Partners Support India VAR Accused Of Tax Evasion On Software Imports


"Softcell is known to be an ethical and a process-driven company," said Sudhir Kothari, managing director of Embee Software. "The incident is unfortunate and shouldn't have happened. It is time for the industry to show solidarity and support for Sunil and his company. Even the software vendors need to stand up and support one of their leading partners."

Softcell has been accused of evading import duties on software imports. The DRI has alleged that Softcell Technologies imported software from Microsoft in Singapore on CDs and DVDs, but paid duty only on the CD component, which is usually 5 percent of the value of software. The company separately billed software paper licenses declaring them as documents, which in fact forms 95 percent of the transaction value of software imported. Import of documents don't attract any duty.

Softcell has denied any illegality and its partners are supporting the company. "This is not a case of duty evasion, but a difference in interpretation of the law. This process is followed by all software importers. Softcell is being made a scapegoat; there are bigger players that follow the same practice for importing software," said Sudarsan Ranganathan, CEO of Veeras Infotek.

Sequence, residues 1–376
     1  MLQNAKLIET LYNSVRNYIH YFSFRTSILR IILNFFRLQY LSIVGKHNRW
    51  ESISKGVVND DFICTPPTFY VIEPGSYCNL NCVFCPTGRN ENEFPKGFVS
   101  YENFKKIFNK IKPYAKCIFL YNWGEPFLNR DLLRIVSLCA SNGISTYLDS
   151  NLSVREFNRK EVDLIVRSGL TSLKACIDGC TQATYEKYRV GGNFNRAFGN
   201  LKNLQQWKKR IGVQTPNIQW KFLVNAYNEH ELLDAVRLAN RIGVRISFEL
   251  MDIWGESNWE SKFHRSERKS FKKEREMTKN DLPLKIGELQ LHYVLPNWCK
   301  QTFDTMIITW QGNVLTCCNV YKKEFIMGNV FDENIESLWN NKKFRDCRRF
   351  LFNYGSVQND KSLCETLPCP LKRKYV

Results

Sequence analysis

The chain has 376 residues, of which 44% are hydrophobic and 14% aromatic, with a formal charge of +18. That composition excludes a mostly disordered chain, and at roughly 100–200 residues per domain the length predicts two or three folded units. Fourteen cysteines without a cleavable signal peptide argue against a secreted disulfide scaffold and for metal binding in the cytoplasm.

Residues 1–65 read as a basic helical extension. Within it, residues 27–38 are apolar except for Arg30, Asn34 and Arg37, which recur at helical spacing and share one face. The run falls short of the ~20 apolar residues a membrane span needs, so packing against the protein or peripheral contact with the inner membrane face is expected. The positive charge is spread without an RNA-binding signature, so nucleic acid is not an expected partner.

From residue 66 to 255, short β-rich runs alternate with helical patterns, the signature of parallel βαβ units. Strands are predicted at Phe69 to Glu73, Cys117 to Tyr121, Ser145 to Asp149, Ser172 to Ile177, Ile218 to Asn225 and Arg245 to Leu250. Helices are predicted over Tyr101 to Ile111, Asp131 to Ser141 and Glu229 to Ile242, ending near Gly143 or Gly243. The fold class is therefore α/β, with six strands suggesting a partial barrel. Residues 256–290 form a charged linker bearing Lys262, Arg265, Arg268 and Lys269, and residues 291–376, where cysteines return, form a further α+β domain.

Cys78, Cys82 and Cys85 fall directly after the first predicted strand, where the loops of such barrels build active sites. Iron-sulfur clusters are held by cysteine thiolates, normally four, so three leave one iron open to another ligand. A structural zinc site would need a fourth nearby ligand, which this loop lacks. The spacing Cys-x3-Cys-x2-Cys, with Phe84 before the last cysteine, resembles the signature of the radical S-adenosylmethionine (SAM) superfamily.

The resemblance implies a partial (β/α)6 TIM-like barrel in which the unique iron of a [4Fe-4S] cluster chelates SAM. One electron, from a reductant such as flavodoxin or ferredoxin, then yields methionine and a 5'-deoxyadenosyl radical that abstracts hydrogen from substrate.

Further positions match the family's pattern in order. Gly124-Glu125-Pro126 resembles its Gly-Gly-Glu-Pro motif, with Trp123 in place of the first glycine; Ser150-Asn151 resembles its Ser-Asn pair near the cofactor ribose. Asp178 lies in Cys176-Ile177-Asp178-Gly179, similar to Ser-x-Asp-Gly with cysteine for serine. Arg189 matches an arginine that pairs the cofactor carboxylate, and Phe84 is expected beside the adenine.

"As a sign of solidarity, the entire channel fraternity should stop importing and selling software products till there is absolute clarity about taxation on software," Kothari said. "Vendors need to take the lead in the matter."

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Sudarsan said laws addressing the issue should be made clearer. "It's now up to the software vendors to demonstrate that they really care for their partners," he said. "It's up to Microsoft to take the matter up with the highest government authorities to resolve it."

Harinder Salwan, CEO of Tricom International and Secretary of the newly-formed software association ISODA, also offered support. "Dalal's arrest is very unfortunate," he said. "The confusion over tax levies on software has existed for long and yet neither the government nor the vendors have done enough to get clarity. It is important that the laws are made clear leaving no confusion."